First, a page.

The first helpful thing to remember is that this life is just one and very short, so why sweat it. It is not the be all and end all of existence, more like one stitch in the tapestry of time. Future lives are very many and long by comparison. This life is like one bead of a mala/rosary, other lives are like the other beads. Or, as I heard just yesterday in a Summer Festival teaching, they are like grains of rice in a mandala kit or bag of rice. And these are just analogies or visual aids, because past and future lives are countless. But even compared with 107 other beads, of what importance is just one? As Geshe Kelsang said last October in Portugal:

Tmala beadshe happiness and freedom of future lives are more important than those of this life because this present life is only one single life and if we die today it will end today, but our future lives are countless and endless. There is no doubt that our future lives are more important than this life.

(Geshe Kelsang went onto explain that we can understand the existence of future lives by understanding the nature and function of consciousness, and you can read about this in How to Understand the Mind.)

2. Stop grasping at samsara

We are attached to the places, enjoyments, and bodies (people) of samsara, which keeps us heavily stuck like an elephant in mud. But attachment, or uncontrolled desire, exaggerates the power of these things to make us happy. If something is a real cause of happiness, as attachment believes, then should it not always give rise to happiness? But it is not hard to see that the supposed causes of our happiness are also the causes of our problems.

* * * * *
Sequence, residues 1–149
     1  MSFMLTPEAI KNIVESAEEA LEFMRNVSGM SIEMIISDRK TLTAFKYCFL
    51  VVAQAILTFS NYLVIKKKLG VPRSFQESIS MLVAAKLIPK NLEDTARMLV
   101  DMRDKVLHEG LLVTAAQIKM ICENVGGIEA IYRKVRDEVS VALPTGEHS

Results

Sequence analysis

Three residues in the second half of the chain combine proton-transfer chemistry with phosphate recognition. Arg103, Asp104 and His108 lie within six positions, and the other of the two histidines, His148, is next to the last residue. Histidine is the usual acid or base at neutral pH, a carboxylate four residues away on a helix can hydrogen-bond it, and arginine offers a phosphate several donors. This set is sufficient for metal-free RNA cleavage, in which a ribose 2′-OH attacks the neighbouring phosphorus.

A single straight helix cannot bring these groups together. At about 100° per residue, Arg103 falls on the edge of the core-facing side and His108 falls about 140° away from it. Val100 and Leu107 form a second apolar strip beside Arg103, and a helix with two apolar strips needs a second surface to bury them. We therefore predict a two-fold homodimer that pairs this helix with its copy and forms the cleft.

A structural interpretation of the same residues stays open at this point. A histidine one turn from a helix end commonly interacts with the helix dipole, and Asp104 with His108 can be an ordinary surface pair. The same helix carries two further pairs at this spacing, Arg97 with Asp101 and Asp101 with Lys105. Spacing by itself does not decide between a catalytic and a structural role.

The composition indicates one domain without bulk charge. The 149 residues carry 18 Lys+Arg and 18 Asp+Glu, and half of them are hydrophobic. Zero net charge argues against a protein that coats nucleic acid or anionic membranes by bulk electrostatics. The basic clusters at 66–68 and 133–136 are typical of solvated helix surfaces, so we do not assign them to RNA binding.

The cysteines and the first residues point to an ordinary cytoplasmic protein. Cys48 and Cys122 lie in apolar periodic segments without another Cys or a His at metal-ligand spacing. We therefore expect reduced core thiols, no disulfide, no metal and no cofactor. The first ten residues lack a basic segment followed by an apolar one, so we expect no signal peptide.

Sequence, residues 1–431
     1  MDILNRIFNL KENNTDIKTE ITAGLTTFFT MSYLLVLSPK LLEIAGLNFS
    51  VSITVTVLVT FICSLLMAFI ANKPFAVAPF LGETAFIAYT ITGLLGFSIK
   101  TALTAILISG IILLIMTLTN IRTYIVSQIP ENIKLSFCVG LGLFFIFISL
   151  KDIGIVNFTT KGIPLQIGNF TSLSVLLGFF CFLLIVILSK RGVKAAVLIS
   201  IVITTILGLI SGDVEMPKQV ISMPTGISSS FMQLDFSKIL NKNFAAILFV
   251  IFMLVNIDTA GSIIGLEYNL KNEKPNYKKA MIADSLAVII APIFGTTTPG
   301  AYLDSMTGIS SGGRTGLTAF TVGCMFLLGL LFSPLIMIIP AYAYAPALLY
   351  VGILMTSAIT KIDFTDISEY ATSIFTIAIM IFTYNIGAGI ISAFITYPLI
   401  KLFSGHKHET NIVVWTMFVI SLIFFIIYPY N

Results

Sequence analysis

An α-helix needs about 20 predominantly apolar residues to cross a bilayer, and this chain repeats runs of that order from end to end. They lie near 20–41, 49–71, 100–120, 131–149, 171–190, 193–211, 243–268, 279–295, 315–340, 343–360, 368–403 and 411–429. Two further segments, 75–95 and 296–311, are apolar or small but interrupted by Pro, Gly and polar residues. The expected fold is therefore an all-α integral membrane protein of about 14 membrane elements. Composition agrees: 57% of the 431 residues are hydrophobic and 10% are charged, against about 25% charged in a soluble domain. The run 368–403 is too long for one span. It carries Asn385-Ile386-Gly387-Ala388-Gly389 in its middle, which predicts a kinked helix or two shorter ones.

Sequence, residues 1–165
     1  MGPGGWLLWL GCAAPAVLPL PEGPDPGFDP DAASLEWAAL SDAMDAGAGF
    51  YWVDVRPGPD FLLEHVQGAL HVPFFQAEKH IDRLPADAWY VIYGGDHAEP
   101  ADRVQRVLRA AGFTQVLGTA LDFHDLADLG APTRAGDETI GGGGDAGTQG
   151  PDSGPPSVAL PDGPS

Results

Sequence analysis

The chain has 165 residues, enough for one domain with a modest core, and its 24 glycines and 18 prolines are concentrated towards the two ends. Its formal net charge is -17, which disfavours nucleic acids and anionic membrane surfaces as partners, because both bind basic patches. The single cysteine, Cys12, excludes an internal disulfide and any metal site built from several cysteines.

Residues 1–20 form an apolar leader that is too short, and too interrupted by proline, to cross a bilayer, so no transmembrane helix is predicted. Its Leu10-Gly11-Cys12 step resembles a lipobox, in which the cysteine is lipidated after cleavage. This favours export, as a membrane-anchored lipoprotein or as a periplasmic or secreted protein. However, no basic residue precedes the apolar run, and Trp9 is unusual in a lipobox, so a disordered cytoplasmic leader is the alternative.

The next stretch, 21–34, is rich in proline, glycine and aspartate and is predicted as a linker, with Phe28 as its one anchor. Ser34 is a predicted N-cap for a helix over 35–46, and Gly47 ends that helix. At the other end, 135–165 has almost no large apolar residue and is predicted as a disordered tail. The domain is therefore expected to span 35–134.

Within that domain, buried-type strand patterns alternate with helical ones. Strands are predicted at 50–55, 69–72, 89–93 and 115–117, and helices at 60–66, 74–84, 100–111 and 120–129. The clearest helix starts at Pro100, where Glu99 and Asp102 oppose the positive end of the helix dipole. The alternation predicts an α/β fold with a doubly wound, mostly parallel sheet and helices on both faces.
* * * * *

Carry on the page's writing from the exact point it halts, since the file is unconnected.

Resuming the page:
For example, when you first fall for someone, they seem to be the source of great joy and happiness – from their own side, out there coming at you. But then you have your first argument and, before you know it, they are the source of your pain and problems. What happened!? How can they be a real cause of happiness if they are now causing you pain? In which case, how could they ever have been a real cause of happiness to begin with? elephant stuck in mud

So the mind of attachment is thoroughly deceptive, illogical, thinking that the source of happiness is out there; and its object is thoroughly deceptive too as it is simply not capable of delivering the goods. If we let go of grasping at the object of attachment as being a real source of pleasure, we will no longer be disappointed that they are now seemingly causing us so much pain. And we can also see that they are not the actual cause of that pain, our delusions are – our delusions give them the power to hurt us.

Thinking this through, we can let go of the pain of attachment and aversion, dismantling the habits that trap us in samsara. (We can also take it a step further — see them as helping us to do that by serving as a mirror, and thus transform them from an object of attachment/aversion into an object of gratitude and love! Eh voilà.)

3. Stop grasping at me

Then we can stop grasping at our own happiness as being more important than others’ happiness, when this is palpably untrue as there are sooooo many more of them. As Geshe Kelsang says in How to Solve Our Human Problems p.42, a few unpleasant feelings in the mind of one person are no great shakes:

perspectiveWe are just one person among countless living beings, and a few moments of unpleasant feeling arising in the mind of just one person is no great catastrophe.

So we don’t need to take our problems so seriously, we can let them go.

4. Stop grasping at real me and real everything else